Posted April 22nd, 2019 by Amy Danise
There are three main types of life insurance: Term life, whole life and universal life. If you’re shopping for life insurance, one of the first steps is choosing the right type of life insurance.
Let’s look at the pros and cons of each so you can make the right decision based on your goals.
Term life insurance
With term life insurance, you choose the length of the policy and the amount your beneficiaries will get. Term life does not have any cash value, which is why it’s among the cheapest types of life insurance.
Whole life insurance
Whole life insurance pays out no matter when you die. It’s often among the most expensive ways to buy life insurance because of everything it guarantees: Payments stay the same, cash value builds at a predictable rate, and the amount of death benefit is guaranteed.
You can get whole life insurance that doesn’t require a medical exam, and some policies promise you won’t be turned down. However, if you’re in pretty good health, it’s usually cheaper to get a policy that uses a medical exam or other medical information.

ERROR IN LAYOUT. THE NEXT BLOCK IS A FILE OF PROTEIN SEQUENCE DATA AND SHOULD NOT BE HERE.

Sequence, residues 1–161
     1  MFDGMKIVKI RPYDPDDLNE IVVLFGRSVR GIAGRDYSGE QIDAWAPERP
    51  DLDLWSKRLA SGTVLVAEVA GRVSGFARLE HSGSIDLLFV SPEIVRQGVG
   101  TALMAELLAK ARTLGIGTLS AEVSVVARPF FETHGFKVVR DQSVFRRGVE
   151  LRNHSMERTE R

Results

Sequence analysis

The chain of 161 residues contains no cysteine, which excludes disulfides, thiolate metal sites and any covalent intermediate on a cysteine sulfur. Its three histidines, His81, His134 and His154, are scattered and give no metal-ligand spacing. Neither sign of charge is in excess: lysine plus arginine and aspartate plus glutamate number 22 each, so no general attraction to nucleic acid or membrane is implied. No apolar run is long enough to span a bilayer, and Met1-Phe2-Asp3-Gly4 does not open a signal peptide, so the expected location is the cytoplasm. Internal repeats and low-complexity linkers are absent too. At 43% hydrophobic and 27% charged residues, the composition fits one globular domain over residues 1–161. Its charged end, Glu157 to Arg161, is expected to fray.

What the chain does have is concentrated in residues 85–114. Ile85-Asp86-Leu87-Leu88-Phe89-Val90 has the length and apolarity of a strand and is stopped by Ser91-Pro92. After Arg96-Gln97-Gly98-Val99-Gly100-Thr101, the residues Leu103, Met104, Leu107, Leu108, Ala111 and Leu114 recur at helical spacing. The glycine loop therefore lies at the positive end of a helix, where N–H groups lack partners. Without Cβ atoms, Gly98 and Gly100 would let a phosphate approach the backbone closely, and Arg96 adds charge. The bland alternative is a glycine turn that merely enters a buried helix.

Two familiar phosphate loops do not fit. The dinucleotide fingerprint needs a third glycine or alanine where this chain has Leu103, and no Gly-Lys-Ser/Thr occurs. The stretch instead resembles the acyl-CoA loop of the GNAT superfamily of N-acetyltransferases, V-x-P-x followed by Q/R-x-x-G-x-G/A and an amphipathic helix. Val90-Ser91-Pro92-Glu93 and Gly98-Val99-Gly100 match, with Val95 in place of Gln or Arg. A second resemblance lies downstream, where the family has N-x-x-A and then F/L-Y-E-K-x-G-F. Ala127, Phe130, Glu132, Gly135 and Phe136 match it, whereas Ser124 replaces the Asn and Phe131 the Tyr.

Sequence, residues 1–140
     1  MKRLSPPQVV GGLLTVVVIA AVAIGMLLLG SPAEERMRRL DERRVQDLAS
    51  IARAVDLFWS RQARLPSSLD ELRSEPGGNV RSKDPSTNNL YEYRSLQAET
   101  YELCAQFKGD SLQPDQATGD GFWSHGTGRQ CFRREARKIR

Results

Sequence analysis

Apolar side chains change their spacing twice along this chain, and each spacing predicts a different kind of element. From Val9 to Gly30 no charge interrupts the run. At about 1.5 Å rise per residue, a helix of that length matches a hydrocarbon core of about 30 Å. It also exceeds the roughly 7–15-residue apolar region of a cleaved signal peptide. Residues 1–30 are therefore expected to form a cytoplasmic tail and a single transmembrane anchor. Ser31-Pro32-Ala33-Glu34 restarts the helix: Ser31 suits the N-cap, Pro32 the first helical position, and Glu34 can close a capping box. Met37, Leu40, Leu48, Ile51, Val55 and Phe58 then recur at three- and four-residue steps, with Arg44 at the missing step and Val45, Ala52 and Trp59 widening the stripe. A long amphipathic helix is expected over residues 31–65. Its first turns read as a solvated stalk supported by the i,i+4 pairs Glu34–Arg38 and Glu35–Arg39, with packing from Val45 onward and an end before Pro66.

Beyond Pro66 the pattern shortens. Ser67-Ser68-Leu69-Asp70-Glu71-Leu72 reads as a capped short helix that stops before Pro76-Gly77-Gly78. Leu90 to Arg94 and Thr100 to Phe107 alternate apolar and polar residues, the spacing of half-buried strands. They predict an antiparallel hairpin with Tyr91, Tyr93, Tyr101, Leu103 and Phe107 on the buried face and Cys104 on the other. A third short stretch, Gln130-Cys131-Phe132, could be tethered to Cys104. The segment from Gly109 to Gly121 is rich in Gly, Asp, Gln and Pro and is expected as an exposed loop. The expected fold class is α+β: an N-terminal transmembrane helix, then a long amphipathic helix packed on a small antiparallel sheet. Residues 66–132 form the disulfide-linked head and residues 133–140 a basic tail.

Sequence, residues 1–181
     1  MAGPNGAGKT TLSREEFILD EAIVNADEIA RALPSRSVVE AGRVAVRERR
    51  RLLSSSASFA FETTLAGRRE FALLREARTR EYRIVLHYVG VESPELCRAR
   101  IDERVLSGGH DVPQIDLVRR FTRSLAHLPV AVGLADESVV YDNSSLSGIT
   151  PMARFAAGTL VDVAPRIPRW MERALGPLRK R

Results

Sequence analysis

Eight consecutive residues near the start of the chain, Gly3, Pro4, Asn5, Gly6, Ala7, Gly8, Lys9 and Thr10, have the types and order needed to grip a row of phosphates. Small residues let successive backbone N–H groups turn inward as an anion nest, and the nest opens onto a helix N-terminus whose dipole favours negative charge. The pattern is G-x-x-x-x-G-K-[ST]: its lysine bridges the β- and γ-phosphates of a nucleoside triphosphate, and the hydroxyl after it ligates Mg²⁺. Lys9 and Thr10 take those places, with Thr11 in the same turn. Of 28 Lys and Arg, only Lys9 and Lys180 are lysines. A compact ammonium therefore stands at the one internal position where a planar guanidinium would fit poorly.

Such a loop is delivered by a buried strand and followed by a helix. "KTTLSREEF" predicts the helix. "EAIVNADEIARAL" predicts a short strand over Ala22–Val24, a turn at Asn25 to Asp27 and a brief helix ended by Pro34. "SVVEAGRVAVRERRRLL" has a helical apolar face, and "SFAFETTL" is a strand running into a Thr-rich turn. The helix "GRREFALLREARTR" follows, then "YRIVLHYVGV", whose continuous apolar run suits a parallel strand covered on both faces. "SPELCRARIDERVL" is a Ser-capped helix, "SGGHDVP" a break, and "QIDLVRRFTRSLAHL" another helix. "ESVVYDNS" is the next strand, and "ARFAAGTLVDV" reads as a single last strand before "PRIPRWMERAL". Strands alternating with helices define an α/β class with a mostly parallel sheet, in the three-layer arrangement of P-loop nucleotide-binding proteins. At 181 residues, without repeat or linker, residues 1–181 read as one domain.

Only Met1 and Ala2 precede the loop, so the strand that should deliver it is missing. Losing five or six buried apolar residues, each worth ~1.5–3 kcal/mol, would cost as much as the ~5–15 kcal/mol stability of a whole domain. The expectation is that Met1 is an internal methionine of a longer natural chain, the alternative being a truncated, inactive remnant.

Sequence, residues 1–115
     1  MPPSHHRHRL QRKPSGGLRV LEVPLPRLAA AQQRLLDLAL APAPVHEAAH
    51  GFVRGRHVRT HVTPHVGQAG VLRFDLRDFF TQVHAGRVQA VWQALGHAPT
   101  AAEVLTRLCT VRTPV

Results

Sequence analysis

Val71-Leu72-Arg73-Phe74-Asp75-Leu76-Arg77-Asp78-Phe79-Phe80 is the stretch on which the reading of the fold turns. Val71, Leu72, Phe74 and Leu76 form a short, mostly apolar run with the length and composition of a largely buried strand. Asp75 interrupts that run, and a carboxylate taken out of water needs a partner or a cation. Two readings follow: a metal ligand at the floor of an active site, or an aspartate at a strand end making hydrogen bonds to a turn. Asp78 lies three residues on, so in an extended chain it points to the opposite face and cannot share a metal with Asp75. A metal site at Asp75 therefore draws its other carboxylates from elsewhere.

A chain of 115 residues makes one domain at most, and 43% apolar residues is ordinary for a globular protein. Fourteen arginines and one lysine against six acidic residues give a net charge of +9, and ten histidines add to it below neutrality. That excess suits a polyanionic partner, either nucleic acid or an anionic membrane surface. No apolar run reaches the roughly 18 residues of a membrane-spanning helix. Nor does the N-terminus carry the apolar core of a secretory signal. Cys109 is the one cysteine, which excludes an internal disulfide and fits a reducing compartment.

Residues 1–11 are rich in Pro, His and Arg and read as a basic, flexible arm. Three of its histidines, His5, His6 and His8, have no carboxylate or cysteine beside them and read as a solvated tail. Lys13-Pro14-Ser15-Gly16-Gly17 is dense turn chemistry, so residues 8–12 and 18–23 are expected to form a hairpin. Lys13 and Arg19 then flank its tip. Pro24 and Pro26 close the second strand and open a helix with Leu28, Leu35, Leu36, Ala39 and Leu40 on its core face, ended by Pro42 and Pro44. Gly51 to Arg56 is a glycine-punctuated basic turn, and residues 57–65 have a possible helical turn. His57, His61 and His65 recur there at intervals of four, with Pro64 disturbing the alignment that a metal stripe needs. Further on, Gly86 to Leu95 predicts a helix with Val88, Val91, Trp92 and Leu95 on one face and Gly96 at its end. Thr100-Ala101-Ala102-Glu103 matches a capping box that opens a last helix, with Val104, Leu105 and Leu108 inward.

Universal life insurance
Universal life insurance is lifelong insurance, just like whole life. But it doesn’t have all the guarantees within whole life. There are a few varieties of universal life insurance. Some build cash value. Some let you vary your premium payments and death benefit within certain limits, in case your needs change down the road.
Read our story about universal life insurance to better understand the important differences.
Other types of life insurance
There are other types of life insurance that are helpful in certain situations.
Survivorship life: Insurance for two lives in one policy, such as a husband and wife. It can pay out when the first spouse dies or when the second dies, depending on financial needs. It can be cheaper than buying two separate life insurance policies.
Accidental death: These pay out only if you die by accident, such as a car crash. They don’t pay out if you die by illness or old age. There can be many exclusions, so read the policy carefully before you buy. If your family would suffer financially if you died, a term life, whole life or universal life policy would likely be a better choice.
Mortgage life: If you’ve ever bought a house, you likely received offers for mortgage life insurance. The death benefit is tied to the balance of your mortgage and is paid to the lender if you die. A term life or whole life policy provides more flexibility because your family can use the money for anything they need, such as daily living expenses or college tuition.
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